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Airport board takes light rail for a virtual ride

A video animation showing a possible future light rail system wows the airport board.

By STEVE HUETTEL, Times Staff Writer
Published November 2, 2007

A detailed view of how a transit station of a proposed regional light rail system might look at Tampa International Airport.
[Special to the Times]

[Special to the Times]
A detailed view of how a transit station on a proposed regional light rail system might look at Tampa International Airport.

The six-car electric train zips past cars on the parkway into Tampa International Airport, climbs to a passenger platform connected to the south terminal, stops and then dips under a jet taxiway.

A video animation of the 3.5-mile light-rail trip wowed the crowd at a meeting of the airport's governing board Thursday. Tampa Mayor Pam Iorio urged people to look at the cost -- $190-million to $235-million -- alongside hundreds of millions going into improving the area's interstate highways.

"In the long run, this is cheaper," said Iorio, a leading advocate for developing a regional passenger rail network in the Tampa Bay area. "This is congestion-proof."

The airport route would be part of an initial rail network connecting downtown Tampa with downtown St. Petersburg, Iorio said. The mayor last month was part of a Tampa chamber group that toured the new light rail system in Charlotte, N.C.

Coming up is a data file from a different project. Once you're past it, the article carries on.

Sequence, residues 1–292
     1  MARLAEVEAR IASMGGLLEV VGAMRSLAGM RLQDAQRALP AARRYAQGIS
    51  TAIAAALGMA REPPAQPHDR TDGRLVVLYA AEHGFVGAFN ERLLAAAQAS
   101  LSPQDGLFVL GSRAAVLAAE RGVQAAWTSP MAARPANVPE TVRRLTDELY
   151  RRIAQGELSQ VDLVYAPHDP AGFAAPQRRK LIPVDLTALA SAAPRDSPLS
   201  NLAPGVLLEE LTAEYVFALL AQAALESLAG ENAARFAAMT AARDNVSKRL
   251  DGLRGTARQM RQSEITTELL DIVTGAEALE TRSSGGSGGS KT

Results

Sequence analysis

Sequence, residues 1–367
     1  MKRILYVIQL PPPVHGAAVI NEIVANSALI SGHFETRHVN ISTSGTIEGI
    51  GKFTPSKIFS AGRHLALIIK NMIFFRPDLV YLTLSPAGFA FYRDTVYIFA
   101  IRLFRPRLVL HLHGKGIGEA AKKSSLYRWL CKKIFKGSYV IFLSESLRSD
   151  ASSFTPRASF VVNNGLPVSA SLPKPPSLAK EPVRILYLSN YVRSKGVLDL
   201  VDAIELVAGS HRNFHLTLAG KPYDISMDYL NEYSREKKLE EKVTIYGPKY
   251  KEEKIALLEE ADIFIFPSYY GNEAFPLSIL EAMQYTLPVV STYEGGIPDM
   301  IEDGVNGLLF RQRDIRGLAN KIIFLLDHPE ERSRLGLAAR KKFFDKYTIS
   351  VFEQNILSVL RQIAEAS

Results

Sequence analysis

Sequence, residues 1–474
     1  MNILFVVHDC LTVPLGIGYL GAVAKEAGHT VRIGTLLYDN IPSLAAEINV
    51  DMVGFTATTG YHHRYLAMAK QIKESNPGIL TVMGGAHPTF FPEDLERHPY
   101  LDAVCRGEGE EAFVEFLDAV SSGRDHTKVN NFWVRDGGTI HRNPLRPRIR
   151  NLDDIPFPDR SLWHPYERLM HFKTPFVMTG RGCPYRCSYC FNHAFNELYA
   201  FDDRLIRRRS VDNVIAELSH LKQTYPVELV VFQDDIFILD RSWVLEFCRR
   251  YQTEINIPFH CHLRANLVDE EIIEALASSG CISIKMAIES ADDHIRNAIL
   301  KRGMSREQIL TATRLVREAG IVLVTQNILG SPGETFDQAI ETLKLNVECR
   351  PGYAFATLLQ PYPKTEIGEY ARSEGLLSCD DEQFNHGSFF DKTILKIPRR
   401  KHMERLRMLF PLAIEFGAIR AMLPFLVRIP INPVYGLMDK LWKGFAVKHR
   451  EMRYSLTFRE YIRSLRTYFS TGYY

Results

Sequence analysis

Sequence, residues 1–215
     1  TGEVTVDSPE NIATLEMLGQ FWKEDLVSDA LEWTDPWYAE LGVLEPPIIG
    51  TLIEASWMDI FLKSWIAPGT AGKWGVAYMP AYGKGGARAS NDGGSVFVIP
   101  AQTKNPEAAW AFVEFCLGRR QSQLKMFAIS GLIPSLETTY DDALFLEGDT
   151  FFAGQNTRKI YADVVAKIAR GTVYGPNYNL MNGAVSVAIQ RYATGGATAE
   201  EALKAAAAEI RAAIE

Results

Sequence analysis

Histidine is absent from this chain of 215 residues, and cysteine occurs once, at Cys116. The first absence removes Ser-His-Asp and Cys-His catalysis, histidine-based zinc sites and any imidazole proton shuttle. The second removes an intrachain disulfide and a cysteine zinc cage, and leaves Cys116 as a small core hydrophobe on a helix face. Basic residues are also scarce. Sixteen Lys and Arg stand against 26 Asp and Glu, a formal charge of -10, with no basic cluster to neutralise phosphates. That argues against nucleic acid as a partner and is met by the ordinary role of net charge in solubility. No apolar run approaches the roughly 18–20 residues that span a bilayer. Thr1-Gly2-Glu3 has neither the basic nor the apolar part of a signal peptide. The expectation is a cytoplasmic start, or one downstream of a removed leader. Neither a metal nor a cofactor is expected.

Any decision to build the Tampa Bay system is years away. First, state Department of Transportation planners must complete a two-year study and lay out detailed transit options to a new bay area regional transportation authority by mid 2009.

DOT will answer the most basic questions, building on about 20 transit plans written and put on the shelf over two decades or more, said Bob Clifford, intermodal transportation chief for the agency's Tampa Bay area office.

What type of transit works best? Where should it go? How much does it cost and where does the money come from?

Some Hillsborough and Pinellas officials have floated the idea of asking voters to approve a new 1-cent or half-cent sales tax to fund a transit system in 2010. "No other issue has more to do with the day-to-day quality of life in this region," Iorio said.

The Hillsborough County Aviation Authority and the DOT jointly funded the $360,000 airport study by engineering consultants PB Americas, which mapped a route that would connect with a regional rail system on Spruce Street and run beside the George J. Bean Parkway.

Trains would ride an elevated track up to a 300-foot-long platform, equipped with ticketing machines and flight monitors at the current south terminal.

The track would go over people-movers connecting the terminal to "airside" buildings, drop to ground level beneath taxiway bridges and rise again to a platform at the north terminal, set for phased openings starting in 2015. Trains would cross Hillsborough Avenue at ground level at the airport's north boundary.

The aviation authority won't pay for the airport train route, said executive director Louis Miller. But the agency would donate right of way, the value of which could serve as a local match for federal funds to build the system, he said.

The study will keep officials from making any changes that might interfere with light rail coming through the airport at a later date. And the gee-whiz video gives boosters ammunition to show that transit here isn't just pie in the sky, Iorio said.

"Unless you can show it, it's not believable," she said.

Steve Huettel can be reached at or (813) 226-3384.

[Last modified November 1, 2007, 23:07:32]

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